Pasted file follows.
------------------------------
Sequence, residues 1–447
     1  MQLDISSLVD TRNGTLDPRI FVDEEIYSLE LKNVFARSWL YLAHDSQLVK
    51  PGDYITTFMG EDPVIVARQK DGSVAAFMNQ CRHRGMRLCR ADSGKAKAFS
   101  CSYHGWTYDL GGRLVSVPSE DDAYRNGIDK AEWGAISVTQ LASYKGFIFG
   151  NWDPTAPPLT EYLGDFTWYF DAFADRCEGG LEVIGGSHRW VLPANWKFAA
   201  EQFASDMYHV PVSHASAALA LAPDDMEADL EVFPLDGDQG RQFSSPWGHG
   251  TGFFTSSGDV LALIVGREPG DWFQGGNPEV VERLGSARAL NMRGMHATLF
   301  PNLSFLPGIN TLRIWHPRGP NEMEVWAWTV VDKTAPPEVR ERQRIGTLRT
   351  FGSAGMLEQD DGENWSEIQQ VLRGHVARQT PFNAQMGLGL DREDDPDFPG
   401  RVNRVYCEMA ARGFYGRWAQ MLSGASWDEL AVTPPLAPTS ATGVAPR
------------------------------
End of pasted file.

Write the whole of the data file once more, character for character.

Sequence, residues 1–447
     1  MQLDISSLVD TRNGTLDPRI FVDEEIYSLE LKNVFARSWL YLAHDSQLVK
    51  PGDYITTFMG EDPVIVARQK DGSVAAFMNQ CRHRGMRLCR ADSGKAKAFS
   101  CSYHGWTYDL GGRLVSVPSE DDAYRNGIDK AEWGAISVTQ LASYKGFIFG
   151  NWDPTAPPLT EYLGDFTWYF DAFADRCEGG LEVIGGSHRW VLPANWKFAA
   201  EQFASDMYHV PVSHASAALA LAPDDMEADL EVFPLDGDQG RQFSSPWGHG
   251  TGFFTSSGDV LALIVGREPG DWFQGGNPEV VERLGSARAL NMRGMHATLF
   301  PNLSFLPGIN TLRIWHPRGP NEMEVWAWTV VDKTAPPEVR ERQRIGTLRT
   351  FGSAGMLEQD DGENWSEIQQ VLRGHVARQT PFNAQMGLGL DREDDPDFPG
   401  RVNRVYCEMA ARGFYGRWAQ MLSGASWDEL AVTPPLAPTS ATGVAPR